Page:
A military investigation into the death last summer of Brig. Gen. Thomas L. Tinsley has concluded that the commander of the 3rd Wing at Elmendorf Air Force Base died of a self-inflicted gunshot wound to the chest.
The review by the Air Force Office of Special Investigation was consistent with the initial assessment into the death of Tinsley, who was found by his wife and daughter in their home on base on the evening of July 27.
Toxicology findings coupled with an autopsy determined there was alcohol in his system, but tests for other substances were negative, according to a statement released by the Elmendorf public information office.
Investigators found no suicide note or any other indication that the death was pre-meditated, the Air Force said. Nor did the investigation reveal any money problems or other issues that indicate a motive leading to the general's death.
"Pugs Tinsley was a remarkable officer with a reputation for excellence and tremendous love for his airmen and his family," Gen. Howie Chandler, Pacific Air Forces commander, said in the statement. "One of the tragic aspects of this event is that we are unlikely to ever fully understand his actions that evening."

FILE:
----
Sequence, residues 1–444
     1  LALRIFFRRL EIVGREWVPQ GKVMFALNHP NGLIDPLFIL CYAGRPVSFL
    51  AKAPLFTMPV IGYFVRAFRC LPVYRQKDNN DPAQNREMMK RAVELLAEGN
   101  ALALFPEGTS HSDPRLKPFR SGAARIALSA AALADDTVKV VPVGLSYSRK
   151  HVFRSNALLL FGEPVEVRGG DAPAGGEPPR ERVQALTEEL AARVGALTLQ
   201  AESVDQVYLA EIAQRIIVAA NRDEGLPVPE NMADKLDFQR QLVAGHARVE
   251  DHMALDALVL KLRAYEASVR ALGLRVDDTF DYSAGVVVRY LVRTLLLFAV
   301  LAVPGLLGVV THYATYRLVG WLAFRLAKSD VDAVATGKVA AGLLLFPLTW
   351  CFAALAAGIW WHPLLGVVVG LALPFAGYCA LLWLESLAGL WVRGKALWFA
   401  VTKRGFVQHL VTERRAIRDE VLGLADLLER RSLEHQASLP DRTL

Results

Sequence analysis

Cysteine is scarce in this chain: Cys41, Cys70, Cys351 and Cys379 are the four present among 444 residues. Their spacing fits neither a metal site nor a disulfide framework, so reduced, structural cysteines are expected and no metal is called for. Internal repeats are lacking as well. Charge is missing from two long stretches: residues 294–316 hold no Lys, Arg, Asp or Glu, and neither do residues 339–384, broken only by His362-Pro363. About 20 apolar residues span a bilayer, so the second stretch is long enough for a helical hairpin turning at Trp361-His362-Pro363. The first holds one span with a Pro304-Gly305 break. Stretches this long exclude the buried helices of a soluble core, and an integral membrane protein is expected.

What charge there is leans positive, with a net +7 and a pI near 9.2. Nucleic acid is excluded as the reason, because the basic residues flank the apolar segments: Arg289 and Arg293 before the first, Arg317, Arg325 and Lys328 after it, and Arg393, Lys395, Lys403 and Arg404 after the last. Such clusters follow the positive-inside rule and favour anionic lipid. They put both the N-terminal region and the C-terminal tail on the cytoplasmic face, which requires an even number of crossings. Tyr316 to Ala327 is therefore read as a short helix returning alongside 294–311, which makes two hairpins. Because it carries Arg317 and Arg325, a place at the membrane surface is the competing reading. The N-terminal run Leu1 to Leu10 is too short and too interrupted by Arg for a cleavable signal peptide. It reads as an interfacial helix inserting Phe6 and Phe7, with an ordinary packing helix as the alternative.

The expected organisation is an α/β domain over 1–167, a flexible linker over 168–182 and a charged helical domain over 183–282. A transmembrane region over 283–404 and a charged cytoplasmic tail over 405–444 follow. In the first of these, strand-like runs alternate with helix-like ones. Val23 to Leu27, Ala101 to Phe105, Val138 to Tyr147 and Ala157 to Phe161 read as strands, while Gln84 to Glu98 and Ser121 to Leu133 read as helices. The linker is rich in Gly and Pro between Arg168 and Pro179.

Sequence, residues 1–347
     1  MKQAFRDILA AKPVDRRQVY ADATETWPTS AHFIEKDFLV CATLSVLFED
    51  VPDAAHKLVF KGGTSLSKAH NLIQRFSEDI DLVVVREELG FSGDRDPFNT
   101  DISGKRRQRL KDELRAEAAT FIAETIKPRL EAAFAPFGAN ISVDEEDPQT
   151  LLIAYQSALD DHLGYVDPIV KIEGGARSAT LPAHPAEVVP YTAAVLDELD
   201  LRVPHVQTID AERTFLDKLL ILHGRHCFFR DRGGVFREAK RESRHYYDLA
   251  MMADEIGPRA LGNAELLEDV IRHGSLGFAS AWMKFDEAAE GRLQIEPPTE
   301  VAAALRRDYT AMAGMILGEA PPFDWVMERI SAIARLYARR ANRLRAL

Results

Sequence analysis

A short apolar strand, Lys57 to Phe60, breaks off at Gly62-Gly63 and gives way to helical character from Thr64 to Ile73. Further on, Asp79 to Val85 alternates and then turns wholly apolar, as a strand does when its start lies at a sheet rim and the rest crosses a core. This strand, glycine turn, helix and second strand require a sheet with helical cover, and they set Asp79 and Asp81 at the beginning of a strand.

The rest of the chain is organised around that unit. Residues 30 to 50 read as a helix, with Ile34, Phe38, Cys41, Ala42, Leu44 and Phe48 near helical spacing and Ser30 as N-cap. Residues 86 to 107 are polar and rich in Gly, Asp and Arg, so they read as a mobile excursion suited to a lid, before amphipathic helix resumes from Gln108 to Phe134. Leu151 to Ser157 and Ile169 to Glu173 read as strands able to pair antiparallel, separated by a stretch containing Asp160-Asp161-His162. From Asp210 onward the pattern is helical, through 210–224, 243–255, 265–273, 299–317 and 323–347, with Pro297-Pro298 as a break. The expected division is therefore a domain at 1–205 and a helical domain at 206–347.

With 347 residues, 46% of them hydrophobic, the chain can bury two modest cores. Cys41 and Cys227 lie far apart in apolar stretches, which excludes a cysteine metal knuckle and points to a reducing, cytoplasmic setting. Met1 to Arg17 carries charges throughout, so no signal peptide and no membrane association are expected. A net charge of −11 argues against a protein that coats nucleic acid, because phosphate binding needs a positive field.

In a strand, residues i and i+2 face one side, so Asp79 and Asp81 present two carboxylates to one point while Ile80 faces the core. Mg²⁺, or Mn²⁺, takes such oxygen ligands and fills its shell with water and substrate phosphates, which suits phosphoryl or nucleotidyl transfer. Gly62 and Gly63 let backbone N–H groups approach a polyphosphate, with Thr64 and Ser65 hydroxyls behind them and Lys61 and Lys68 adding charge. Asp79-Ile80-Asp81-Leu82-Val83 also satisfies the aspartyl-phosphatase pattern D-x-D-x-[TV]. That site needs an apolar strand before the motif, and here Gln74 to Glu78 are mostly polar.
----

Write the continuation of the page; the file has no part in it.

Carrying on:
Tinsley, 45, is survived by his wife, Joanna, a college-age daughter and a teenage nephew he was helping raise. A statement released by the family expressed sadness and lingering bewilderment at his passing.
"The Tinsley family still has no better understanding of this life-altering event in their lives," the statement said. "To lose him as a leader is immense; to lose him as a husband, father, brother and son is immeasurable."
Tinsley had served as wing commander since May 2007, overseeing more than 6,000 people at Alaska's largest Air Force base. A memorial service for the general was held at Elmendorf on July 31.
Find George Bryson online at adn.com/contact/gbryson or call 257-4318.
By GEORGE BRYSON
Alaska Dispatch Publishing